Ukraine, The Great Powers, Budapest, and "Astheneia"
Online Exclusive from the Ethics & International Affairs Website
April 10, 2014
Was it unethical for the United States to give Ukraine non-binding security guarantees as an inducement for giving up nuclear weapons?
In his Ethics, Aristole addresses the question of what he terms astheneia (ασθενεια), which can be translated as weakness or infirmity, as part of his overall discussion of akrasia (ακρασία)—the "lack of mastery" or insobriety. This applies when someone knows what the right or ethical thing to do is, but fails to do it because of possible cost—usually at the expense of one's personal comfort or ease—or because the ethical course of action will bring hardship and difficulty.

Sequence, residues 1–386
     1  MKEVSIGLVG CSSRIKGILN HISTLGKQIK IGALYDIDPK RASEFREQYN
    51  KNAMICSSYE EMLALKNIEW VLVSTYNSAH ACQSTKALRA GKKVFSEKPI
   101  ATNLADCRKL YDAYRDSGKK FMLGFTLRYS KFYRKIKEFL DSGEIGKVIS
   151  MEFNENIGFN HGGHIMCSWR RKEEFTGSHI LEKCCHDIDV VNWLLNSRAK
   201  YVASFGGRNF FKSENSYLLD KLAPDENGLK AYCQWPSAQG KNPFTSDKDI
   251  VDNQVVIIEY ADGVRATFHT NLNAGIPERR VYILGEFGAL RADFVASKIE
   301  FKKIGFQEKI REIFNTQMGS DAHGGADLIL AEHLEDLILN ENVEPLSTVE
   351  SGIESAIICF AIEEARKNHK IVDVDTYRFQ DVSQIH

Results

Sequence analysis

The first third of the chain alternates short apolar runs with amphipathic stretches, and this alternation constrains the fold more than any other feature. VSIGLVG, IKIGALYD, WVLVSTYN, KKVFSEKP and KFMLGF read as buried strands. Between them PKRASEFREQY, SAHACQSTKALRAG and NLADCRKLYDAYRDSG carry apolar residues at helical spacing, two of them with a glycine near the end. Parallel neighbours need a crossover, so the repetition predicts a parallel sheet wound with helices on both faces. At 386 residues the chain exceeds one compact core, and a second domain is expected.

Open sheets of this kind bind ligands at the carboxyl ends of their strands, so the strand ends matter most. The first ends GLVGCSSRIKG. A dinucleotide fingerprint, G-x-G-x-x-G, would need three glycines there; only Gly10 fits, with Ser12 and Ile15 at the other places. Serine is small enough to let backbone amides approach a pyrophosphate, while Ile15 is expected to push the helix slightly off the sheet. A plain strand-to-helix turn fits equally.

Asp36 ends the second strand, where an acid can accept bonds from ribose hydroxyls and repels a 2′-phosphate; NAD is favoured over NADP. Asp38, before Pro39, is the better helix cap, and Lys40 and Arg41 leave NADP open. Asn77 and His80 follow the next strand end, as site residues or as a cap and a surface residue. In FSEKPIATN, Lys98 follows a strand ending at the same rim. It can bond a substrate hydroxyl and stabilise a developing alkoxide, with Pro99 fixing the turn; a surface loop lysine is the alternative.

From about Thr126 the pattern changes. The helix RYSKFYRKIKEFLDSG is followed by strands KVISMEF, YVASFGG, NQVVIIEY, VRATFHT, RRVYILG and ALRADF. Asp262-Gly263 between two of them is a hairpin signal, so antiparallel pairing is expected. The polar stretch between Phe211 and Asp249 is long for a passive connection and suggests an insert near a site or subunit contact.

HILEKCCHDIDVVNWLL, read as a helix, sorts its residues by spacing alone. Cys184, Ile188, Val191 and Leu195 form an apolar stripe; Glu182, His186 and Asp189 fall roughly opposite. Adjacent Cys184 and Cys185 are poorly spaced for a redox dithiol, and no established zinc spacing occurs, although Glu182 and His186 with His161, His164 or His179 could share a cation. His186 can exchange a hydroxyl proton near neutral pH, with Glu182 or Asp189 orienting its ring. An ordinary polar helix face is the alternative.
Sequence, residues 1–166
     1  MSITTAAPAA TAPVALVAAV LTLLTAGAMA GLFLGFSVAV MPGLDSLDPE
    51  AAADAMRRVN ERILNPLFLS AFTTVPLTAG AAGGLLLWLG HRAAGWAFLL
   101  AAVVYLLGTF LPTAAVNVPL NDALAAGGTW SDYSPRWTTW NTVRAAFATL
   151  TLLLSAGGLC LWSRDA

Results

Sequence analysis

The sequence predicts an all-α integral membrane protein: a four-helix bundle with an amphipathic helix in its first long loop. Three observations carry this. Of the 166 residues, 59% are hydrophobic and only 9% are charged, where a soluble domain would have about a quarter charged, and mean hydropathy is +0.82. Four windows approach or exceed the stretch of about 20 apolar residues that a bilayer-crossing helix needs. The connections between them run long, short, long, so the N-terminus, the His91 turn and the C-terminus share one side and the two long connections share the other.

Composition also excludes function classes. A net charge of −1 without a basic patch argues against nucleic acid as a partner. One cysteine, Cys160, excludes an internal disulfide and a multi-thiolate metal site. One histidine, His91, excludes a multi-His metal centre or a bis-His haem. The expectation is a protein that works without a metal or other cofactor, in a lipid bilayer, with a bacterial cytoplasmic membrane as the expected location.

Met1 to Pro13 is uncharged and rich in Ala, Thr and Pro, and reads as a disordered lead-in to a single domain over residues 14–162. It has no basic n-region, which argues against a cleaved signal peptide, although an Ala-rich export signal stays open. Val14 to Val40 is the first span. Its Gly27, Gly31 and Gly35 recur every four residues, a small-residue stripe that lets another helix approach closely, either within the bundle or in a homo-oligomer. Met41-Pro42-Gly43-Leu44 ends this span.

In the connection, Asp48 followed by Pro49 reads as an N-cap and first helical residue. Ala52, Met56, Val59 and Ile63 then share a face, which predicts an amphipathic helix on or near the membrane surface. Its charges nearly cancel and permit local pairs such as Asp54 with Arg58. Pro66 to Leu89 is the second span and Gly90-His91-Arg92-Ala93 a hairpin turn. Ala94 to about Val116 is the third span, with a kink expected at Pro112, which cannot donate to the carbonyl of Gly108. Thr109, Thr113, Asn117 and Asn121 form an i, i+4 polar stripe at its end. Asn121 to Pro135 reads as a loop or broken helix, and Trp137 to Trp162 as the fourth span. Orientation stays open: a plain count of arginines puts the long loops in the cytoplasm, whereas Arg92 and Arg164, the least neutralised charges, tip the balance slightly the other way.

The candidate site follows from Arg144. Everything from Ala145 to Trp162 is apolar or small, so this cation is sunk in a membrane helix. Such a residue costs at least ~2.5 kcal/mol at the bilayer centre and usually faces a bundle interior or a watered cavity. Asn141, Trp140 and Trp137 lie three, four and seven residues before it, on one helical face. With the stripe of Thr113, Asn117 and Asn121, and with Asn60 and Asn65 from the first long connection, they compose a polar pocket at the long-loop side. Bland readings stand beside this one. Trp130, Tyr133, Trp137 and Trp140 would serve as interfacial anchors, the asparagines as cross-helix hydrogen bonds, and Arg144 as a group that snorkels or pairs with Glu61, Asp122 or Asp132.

This should be of particular concern to modern politicians, particularly in electoral democracies, where campaign promises are easily made but too often not fulfilled when political costs are too high. (The Obama administration discovered these realities in attempting to implement the president's inauguration day 2009 executive order mandated that the Guantanamo detainee facility be closed by January 2010; Gitmo remains operational more than four years after its putative closure date.) Voters, at least, have the option of taking their revenge at the polls; but what happens when promises are made to other states that are not then not fulfilled?
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